A 17-YEAR-old London schoolboy has sold an app for £20m (€23.6m) to Yahoo! Upon reading this astonishing story I began to reassess my feelings about how much time children spend on computers.
As parents we want our children to be running about in the fresh air. As a child I remember my mother putting us all out in the garden and saying 'play'.
It was up to us to use our imaginations to think up fun and exciting games to play with sticks, leaves, an old football and two half-broken deckchairs. And play we did. We dug deep and came up with creative ways to entertain ourselves.
We all want our children to be well-rounded. We read about studies that say children who learn music are brighter and cleverer, so we rush out and book piano and guitar lessons.
We are told that team sports are essential for children to be able to integrate into society, make friends and be socially confident. So, we charge down to the nearest football, GAA or tennis club and sign them up.
We learn that ballet will forever help our little girls' postures and give them poise. This will stand to them in later life as they lean gracefully against the water cooler in work.
So we sign them up and pay exorbitant amounts of money for pink tights and net skirts that will inevitably get caught in the car door and rip on the first day of class.
We are bombarded with surveys telling us that too much time on computers and video games will turn our children into social pariahs. They will be unable to communicate with other people, they will be long-haired, pasty-faced recluses.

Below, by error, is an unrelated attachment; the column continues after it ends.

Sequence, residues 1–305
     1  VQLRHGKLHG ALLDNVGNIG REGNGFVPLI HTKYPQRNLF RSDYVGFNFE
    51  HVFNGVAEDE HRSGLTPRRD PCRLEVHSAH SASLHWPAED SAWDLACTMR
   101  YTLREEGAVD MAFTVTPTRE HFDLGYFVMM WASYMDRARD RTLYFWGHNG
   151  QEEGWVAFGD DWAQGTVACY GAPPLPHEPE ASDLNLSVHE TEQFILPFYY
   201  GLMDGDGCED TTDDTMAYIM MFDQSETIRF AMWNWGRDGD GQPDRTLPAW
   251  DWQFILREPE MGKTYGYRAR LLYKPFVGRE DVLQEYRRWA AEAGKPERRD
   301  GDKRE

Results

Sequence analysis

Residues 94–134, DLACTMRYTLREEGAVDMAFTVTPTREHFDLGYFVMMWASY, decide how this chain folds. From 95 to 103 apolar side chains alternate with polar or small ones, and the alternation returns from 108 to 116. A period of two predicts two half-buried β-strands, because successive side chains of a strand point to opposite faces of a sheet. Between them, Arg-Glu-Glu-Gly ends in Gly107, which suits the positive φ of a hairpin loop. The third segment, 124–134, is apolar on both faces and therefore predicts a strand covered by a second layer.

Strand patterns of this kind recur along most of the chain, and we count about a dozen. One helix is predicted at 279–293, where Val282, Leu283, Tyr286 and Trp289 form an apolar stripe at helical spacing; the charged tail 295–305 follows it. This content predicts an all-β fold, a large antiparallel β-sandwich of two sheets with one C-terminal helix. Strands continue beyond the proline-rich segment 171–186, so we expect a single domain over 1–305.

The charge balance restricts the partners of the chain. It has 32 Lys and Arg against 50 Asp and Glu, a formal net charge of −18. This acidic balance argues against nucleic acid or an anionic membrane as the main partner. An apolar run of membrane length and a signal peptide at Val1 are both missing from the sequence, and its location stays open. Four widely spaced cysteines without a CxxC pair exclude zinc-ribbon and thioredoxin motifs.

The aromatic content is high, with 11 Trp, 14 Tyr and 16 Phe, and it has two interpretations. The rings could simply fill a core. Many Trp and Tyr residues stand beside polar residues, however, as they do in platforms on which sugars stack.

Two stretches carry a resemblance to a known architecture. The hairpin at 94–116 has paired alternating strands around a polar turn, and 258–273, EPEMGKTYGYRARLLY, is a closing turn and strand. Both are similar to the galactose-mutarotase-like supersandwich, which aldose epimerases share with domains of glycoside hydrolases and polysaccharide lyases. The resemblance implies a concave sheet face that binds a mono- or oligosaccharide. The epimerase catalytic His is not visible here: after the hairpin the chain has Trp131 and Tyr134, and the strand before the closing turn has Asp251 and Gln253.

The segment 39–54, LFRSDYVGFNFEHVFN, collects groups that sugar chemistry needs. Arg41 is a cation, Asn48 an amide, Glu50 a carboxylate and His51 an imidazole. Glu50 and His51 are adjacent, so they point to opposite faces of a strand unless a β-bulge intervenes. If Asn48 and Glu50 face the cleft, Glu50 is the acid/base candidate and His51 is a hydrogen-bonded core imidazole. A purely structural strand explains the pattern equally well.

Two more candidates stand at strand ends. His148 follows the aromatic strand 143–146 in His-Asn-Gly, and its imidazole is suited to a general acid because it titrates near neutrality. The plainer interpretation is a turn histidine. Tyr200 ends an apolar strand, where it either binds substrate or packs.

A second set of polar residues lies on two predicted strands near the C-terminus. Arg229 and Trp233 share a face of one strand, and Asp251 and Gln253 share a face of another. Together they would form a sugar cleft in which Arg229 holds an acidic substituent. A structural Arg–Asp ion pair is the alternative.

So we drag them away from the computer and lock them out the back for 'fresh air', in between the monsoons and flooding.
"No child of mine is going to be a computer geek," we think firmly.
But perhaps it's time to reassess our children's after-school planning.
Nick D'Aloisio, the 17-year-old schoolboy who sold his app to Yahoo! taught himself how to code at the age of 12.
With the tools to code, he then invented Summly, which is an app that reduces lengthy news stories to mobile-friendly snippets. All of this took place in his bedroom on his computer. He said: "I was using Google and Bing and there were so many results to scroll through it was really inefficient. So, I build an algorithm that shared them and trimmed them."
A prototype of Summly attracted a $300,000 (€233,610) investment from the Honk Kong billionaire Li Ka-shing on Nick's 16th birthday. He formed his company and a year later Summly was sold to Yahoo! for the princely sum of £20m.
But what about 'poor' Nick, locked away in his room all the time. Surely he is damaged? He won't be able to cope with the attention and the success. He must be socially inept after all that time spent alone. I'll bet he's an introvert who never leaves his bedroom or washes.
Nick, who has short hair, looks like he showers a lot and is very handsome.
He seems like a very 'normal' boy and is currently dating a nice girl and getting on with his teenage life despite his incredible success.
Nick claims that the whole media frenzy around his life hasn't changed him. "I see my friends, see my girlfriend, maybe go to a party, try and play sport."
Is he worried about how sudden riches might change his relationship with his friends?
"People I don't know, they're probably going to see me differently. But my core group of friends don't. I'm not going to change as a person.
'I don't feel different. If the motivation had been money, I'd be going off laughing. But because the motivation was technology and product, this is just the beginning of what I want to do."
His parents should be very proud. This boy has a very clear view of where he's going and won't be fazed by the attention he's receiving.
He seems perfectly rounded and sensible and a lot more mature than most 17-year-olds.
Right, I'm off to sell the piano and buy the latest computer. When I get home, I'll drag the kids in from the garden and plonk them in front of it.
I might just pick up 'An Idiot's Guide To Coding' while I'm out . . . sure you never know.